Our Best Shots
BOSTON — THE best photographers know their equipment so well they can forget it. Lens openings, shutter speeds, even the computer-driven cameras of today are forgotten when the seasoned eye sees what it wants.
The camera is raised like a beam of light, revealing the character of the photographer, which can't be hidden or forgotten.
For Monitor staff photographers Neal Menschel, Melanie Stetson Freeman, R. Norman Matheny, Robert Harbison, and assistants Bill Grant and Marianne Le Pelley, the beam of light sees much hope and dignity in a struggling world.
"Monitor photographs are seldom spot news," says photo editor Menschel, "but often thematic, with a lot of faith in individual human spirit."
The best Monitor photos of 1992 reveal - as do all good Monitor photos - a desire not to leave readers with a sense of helplessness. Nor do they sugar-coat troubles or dwell on the superficial.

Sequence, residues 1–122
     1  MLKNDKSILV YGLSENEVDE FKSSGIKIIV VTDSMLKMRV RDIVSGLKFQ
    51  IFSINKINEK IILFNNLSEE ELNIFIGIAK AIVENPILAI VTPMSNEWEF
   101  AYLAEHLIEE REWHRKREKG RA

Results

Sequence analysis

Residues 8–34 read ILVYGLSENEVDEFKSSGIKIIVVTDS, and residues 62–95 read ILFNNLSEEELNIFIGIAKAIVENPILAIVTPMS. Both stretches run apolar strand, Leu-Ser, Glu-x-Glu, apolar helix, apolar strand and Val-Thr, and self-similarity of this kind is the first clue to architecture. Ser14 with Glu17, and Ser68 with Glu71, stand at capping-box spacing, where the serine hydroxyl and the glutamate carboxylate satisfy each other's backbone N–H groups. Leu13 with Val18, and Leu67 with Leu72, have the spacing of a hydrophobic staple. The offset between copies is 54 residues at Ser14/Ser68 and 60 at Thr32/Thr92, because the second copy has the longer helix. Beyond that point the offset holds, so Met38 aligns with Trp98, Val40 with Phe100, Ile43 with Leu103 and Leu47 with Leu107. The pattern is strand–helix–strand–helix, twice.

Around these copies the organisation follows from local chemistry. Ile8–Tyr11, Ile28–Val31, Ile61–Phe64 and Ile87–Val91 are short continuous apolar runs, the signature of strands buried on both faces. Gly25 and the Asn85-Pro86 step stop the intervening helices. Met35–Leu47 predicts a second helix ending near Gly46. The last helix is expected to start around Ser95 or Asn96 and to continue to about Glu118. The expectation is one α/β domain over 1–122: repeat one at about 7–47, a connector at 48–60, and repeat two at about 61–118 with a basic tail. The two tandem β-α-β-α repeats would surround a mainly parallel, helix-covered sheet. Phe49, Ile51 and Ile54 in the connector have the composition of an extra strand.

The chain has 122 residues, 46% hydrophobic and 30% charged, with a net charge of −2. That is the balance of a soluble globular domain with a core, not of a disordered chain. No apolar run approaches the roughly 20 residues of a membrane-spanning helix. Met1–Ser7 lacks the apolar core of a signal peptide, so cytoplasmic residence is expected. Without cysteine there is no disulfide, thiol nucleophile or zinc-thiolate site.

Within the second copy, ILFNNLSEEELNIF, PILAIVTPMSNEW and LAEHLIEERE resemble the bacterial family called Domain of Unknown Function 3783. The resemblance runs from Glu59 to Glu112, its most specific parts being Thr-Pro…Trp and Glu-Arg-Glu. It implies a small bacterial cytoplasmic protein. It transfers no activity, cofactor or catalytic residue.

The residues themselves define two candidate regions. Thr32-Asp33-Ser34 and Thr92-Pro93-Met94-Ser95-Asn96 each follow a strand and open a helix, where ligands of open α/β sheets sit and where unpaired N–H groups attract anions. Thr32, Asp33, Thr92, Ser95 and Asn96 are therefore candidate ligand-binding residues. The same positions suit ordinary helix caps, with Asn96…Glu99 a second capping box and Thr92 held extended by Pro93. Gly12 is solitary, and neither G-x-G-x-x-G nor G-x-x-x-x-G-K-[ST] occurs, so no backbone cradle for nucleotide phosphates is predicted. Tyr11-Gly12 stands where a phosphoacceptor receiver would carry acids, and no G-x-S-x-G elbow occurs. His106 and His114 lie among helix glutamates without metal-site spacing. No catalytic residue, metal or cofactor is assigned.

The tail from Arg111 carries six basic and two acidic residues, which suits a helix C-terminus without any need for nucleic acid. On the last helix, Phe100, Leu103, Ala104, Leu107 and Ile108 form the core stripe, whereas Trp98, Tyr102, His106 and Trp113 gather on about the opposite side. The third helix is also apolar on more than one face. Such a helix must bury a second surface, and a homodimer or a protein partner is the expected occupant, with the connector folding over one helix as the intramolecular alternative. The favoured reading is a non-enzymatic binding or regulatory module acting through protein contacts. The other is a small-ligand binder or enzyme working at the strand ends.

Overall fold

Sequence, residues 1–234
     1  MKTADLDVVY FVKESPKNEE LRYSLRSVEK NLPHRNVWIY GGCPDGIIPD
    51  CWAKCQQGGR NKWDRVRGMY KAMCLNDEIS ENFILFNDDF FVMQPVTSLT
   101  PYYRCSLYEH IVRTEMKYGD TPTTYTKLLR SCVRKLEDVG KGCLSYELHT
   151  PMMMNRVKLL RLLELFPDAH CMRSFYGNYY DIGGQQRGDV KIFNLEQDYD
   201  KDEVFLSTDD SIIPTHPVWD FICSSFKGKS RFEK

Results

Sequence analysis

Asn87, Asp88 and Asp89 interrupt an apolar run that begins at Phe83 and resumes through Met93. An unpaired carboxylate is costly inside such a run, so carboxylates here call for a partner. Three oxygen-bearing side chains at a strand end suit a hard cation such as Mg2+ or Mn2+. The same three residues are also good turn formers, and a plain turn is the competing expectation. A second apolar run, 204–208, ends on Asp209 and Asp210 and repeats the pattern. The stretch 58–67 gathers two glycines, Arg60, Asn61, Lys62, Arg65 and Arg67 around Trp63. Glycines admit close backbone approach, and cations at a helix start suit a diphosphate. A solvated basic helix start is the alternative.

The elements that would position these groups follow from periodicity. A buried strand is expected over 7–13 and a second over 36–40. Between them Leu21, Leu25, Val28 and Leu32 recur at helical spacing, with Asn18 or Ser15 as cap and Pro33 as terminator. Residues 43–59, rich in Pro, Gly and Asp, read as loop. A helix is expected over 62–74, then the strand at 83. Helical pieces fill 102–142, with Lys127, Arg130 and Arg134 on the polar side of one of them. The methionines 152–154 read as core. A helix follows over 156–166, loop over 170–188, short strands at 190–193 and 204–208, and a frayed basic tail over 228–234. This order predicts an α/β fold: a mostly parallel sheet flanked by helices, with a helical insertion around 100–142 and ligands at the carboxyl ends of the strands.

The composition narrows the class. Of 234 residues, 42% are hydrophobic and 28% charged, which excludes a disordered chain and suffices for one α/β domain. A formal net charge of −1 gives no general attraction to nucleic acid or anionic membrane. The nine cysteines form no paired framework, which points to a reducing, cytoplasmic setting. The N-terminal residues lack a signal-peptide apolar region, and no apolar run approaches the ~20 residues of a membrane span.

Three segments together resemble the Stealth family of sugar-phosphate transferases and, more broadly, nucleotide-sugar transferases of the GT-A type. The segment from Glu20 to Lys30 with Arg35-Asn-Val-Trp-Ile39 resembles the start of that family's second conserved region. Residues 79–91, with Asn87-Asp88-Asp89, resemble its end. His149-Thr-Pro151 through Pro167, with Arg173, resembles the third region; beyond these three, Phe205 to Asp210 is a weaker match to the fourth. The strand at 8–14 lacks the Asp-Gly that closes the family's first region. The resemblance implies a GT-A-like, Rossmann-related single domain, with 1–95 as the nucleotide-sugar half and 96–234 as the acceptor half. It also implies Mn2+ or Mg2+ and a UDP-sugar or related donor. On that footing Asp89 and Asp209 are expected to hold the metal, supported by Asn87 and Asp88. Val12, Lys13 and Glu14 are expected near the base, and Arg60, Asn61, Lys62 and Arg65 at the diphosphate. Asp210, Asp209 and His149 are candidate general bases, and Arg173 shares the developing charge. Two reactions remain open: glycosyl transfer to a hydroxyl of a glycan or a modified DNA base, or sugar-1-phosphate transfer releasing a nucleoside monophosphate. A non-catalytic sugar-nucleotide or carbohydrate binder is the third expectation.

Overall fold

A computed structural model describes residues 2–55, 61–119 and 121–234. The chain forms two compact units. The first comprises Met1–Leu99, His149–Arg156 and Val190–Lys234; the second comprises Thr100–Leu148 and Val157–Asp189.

Monitor photos may show children in Somalia or Mozambique, where starvation is evident. But the Monitor images try to look beyond the horror of deprivation to the more difficult task of capturing the smallest ray of hope.
The objective is to leave a child or mother with her dignity intact, a motivation that also compels all international relief efforts.
"We can't inspire people to take action," says Ms. Freeman, "unless we show the problem. But there has to be a sense that there is a way out. It may be too much to ask of a photograph all the time, but this is what we look for."
In a world often crowded with sensational and manipulative images, the thematic summation of an event, or the portrait of a human being, should be direct and clear.
If, indeed, these photographs hint at the spiritual nature of man, then they are fulfilling the mandate of the founder of this newspaper.